Halloween – Honoring Death

There is no death without life & no life without death.

In the material world, anyway.

Halloween dates back 2000 years to a time when the Irish Celts celebrated the transition from the summer harvest to the darkness of winter. Associated with nature’s coming darkness was the darkness of human death. The Celts believed that this transition in nature blurred the boundaries between life & death, that the “veil” between the two was very thin at this time. The celebration, called Samhain (pronounced sow-in), was an important one for the Celts, as they believed their Druid priests could better communicate with otherworldly spirits to bring them predictions for the future. The Celts’ existence was entirely dependent on the behavior of Mother Nature &, as such, they were much more deeply attuned to her subtle rhythms & vibrations than we are today.

During the Samhain celebration, the Celts wore costumes made from animal heads & skins as they danced around huge sacred bonfires. They told ghost stories & fortunes & made animal sacrifices in order to give back to Mother Nature the same goodness that she had bestowed upon them during the summer harvest. This brought comfort to them as they entered the dark, cold winter, believing that these sacrifices & their tribute to the spirits created the blessings they would need to bring the summer harvest once again.

How did Samhain become the modern-day Halloween?

Throughout the centuries, our loss of contact with the natural world continues to grow. Technology has brought wonderful advances; it has also served to further disconnect us from the natural world. Not only do we spend many computer hours at our offices & homes, we take them into the sanctity of nature, never looking up to see the beauty that surrounds us – so “connected” that we’re completely disconnected. We are no longer aware of how we fit into the natural world, how to honor Mother Nature & ourselves as part of her, the Divine Feminine.

Nature teaches us how to live & how to die. She teaches us that life & death are integral parts of each other in this material world. Our society has great difficulty accepting death & dying. We don’t want to talk about it – too grim. The loss of ability to honestly look at & honor death, as integral to our living, has brought us the great tragedy of ignoring the elderly as vital contributors to the well-being of our culture, among other things.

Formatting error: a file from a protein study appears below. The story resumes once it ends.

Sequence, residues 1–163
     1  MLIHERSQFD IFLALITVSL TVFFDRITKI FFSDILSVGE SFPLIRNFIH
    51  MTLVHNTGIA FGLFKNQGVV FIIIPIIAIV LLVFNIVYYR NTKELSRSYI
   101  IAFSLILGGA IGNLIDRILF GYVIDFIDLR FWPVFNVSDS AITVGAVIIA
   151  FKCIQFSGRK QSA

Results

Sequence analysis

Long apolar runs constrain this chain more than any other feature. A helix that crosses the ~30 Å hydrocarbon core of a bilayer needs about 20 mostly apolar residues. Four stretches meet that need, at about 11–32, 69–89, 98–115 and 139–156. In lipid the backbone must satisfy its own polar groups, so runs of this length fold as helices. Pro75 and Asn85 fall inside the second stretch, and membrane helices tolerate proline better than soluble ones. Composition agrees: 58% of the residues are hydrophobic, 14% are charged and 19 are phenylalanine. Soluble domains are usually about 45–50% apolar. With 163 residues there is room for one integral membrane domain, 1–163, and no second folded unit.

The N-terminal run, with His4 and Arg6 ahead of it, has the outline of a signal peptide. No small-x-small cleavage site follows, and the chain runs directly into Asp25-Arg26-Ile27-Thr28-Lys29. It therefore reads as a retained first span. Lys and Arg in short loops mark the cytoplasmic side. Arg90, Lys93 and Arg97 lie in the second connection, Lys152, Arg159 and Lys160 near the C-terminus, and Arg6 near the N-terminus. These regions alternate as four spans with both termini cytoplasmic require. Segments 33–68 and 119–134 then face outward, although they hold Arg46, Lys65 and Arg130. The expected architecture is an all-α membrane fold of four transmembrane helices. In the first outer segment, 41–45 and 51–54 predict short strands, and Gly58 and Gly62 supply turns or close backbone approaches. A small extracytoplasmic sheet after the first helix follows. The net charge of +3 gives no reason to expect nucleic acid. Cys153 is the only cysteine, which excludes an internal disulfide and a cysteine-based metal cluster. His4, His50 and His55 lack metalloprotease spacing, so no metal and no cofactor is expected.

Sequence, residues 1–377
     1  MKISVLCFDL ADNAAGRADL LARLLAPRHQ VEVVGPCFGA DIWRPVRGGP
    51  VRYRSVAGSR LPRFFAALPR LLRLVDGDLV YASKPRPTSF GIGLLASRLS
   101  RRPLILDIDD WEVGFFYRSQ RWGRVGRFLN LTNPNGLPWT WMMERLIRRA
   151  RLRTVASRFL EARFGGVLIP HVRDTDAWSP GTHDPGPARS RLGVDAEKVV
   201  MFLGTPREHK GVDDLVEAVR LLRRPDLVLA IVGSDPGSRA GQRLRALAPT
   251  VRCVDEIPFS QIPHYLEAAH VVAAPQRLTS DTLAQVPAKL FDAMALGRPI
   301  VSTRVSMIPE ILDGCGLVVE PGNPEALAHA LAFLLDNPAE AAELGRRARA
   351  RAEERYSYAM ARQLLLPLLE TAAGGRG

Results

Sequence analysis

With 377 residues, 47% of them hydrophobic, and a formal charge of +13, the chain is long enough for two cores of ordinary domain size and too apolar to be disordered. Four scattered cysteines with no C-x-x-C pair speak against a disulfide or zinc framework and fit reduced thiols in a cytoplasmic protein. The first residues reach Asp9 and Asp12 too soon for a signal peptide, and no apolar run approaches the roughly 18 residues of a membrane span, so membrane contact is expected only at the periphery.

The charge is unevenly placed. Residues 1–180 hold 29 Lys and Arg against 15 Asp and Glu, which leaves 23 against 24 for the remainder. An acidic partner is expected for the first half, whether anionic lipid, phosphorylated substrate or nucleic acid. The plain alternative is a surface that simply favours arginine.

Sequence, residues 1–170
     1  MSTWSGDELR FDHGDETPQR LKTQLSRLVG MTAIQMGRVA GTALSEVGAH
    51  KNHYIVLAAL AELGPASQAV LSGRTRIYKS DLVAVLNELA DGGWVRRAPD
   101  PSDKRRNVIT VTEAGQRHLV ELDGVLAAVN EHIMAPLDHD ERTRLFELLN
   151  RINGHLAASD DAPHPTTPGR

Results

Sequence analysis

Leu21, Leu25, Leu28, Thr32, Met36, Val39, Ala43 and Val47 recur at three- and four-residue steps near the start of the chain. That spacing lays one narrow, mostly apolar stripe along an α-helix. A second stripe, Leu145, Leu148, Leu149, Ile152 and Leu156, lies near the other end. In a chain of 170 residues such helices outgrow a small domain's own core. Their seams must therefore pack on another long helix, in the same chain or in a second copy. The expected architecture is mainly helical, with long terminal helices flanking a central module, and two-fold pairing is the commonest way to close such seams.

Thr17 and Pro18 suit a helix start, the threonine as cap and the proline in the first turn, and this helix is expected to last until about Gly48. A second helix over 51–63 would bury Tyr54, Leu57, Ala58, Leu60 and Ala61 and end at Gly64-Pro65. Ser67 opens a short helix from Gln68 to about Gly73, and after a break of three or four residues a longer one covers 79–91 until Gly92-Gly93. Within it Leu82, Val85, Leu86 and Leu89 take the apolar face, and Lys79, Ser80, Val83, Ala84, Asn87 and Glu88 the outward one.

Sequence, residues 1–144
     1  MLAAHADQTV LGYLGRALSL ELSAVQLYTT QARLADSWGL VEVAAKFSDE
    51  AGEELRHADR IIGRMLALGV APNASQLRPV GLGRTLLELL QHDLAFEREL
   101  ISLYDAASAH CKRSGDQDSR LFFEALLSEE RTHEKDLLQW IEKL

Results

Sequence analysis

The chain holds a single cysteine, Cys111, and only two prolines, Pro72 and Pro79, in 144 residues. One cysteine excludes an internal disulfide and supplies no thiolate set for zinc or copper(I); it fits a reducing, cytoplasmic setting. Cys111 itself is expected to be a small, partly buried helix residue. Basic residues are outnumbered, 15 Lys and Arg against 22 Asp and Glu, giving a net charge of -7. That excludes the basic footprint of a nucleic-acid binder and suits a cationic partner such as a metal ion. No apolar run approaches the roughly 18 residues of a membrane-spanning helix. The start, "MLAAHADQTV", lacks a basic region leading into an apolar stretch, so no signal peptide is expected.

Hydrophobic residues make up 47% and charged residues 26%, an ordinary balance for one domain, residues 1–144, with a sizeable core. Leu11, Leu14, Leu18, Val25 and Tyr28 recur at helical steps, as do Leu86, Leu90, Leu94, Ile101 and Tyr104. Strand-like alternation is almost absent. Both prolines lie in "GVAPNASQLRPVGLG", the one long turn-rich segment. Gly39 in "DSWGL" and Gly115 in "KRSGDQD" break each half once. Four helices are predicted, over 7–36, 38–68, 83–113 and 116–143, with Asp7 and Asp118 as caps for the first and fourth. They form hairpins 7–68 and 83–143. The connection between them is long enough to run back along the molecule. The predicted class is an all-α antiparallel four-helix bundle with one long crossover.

Halloween provides an opportunity to reflect on the meaning of seasonal change within the human psyche & experience, a call to revel in the wildness of the unknown, the darkness…the “thin veil” between worlds.¬†Where do we go from here? Spend some time with Spirit; receive answers.

I thought I’d share a story about an encounter with nature & death in this video. I’d love to hear your comments about Halloween, about death & dying, about how you learn from nature. We all learn from each other, so please take a moment to share your voice!

 

 

 

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2 Responses to Halloween – Honoring Death

  1. cathy phillips October 31, 2009 at #

    Kim,
    Loved the exchange on life, death and water. I had a thought while watching your video. The different aspects of water, solid-liquid-gas serve differnt puroposes in nature and for us. They also need the other part to create the other. Example: ice (solid water) has to have the liquid to be able to freeze and become ice. Also water vapor (gas water) has to have liquid to become gas. It also goes in reverse. Ice melts to become liquid. Water vapor condenses to become rain (liquid). Each part depends on the other to exist.
    As people we need each part of our being, body-mind-spirit, to complete who we are.
    Hope this makes sense.
    Cathy

  2. Kimberly October 31, 2009 at #

    Thank you for this, Cathy. I appreciate your insights!